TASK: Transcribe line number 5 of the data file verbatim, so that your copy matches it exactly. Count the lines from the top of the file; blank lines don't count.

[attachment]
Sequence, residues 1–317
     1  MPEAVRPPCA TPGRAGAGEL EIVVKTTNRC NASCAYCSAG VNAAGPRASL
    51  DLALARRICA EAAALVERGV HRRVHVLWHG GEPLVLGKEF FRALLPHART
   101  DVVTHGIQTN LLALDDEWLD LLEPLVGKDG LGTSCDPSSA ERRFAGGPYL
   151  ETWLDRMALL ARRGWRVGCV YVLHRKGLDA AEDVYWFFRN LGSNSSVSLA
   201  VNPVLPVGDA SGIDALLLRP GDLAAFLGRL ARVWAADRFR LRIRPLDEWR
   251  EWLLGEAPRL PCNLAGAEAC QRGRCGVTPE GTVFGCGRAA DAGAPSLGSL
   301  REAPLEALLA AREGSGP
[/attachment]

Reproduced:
   151  ETWLDRMALL ARRGWRVGCV YVLHRKGLDA AEDVYWFFRN LGSNSSVSLA